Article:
Quantum information processing relies on the fundamental property of quantum interference, where the quality of the interference directly correlates to the indistinguishability of the interacting particles. The creation of these indistinguishable particles, photons in this case, has conventionally been accomplished with nonlinear crystals and optical filters to remove spectral distinguishability, albeit sacrificing the number of photons. This research describes the use of an integrated aluminum nitride microring resonator circuit to selectively generate photon pairs at the narrow cavity transmissions, thereby producing spectrally indistinguishable photons. These spectrally indistinguishable photons can then be routed through optical waveguide circuitry, concatenated interferometers, to manipulate and entangle the photons into the desired quantum states. Photon sources and circuitry are only two of the three required pieces of the puzzle. The final piece which this research is aimed at interfacing with are trapped ion quantum memories, based on trapped Ytterbium ions. These ions serve as very long lived and stable quantum memories with storage times on the order of 10’s of minutes, compared with photonic quantum memories which are limited to 10-6 to 10-3 seconds. The caveat with trapped ions is the interaction wavelength of the photons is 369.5nm and therefore the goal of this research is to develop entangled photon sources and circuitry in that wavelength regime to interact directly with the trapped ions and bypass the need for frequency conversion.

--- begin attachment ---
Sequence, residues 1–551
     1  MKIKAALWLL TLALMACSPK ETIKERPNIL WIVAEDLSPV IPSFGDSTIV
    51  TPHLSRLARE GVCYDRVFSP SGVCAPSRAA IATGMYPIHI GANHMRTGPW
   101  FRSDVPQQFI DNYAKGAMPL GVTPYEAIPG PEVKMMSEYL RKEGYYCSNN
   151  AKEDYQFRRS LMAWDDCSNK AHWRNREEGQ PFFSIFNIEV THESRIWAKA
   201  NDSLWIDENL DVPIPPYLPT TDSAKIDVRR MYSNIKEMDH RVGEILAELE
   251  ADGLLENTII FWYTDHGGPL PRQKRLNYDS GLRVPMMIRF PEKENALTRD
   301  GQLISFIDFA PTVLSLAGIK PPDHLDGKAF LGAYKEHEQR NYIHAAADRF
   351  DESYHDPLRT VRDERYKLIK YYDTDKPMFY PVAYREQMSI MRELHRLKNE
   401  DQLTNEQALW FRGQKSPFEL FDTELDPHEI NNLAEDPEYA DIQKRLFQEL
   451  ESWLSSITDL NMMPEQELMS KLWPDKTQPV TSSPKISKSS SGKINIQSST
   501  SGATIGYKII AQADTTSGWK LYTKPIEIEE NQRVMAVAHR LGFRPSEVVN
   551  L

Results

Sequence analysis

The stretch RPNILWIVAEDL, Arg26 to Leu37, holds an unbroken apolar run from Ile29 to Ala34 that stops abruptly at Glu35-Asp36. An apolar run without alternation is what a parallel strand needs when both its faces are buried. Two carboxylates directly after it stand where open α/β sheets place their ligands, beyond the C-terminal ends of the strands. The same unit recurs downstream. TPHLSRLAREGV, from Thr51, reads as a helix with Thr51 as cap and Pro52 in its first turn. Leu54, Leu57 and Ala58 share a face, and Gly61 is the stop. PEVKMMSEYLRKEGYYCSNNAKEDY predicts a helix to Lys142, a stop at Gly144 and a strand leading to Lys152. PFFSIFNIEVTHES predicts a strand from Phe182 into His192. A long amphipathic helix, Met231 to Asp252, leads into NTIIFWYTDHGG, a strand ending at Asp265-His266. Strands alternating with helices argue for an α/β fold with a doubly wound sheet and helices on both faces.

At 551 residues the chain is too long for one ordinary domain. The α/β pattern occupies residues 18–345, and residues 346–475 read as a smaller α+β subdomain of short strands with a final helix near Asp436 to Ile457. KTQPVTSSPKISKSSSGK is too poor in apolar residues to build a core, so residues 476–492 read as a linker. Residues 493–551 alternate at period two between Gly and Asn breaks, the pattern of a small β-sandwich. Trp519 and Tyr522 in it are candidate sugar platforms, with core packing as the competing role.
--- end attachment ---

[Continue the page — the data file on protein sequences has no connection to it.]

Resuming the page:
Michael L. Fanto, Jeffrey A. Steidle, Tsung-Ju Lu, Stefan F. Preble, Dirk R. Englund, Christopher C. Tison, Amos M. Smith, Gregory A. Howland, Kathy-Anne Soderberg, and Paul M Alsing, "Ultraviolet integrated photonic circuits (Conference Presentation)," Proc. SPIE 9996, Quantum Information Science and Technology II, 99960K (Presented at SPIE Security + Defence: September 27, 2016; Published: 7 December 2016); https://doi.org/10.1117/12.2241892.5229530574001.
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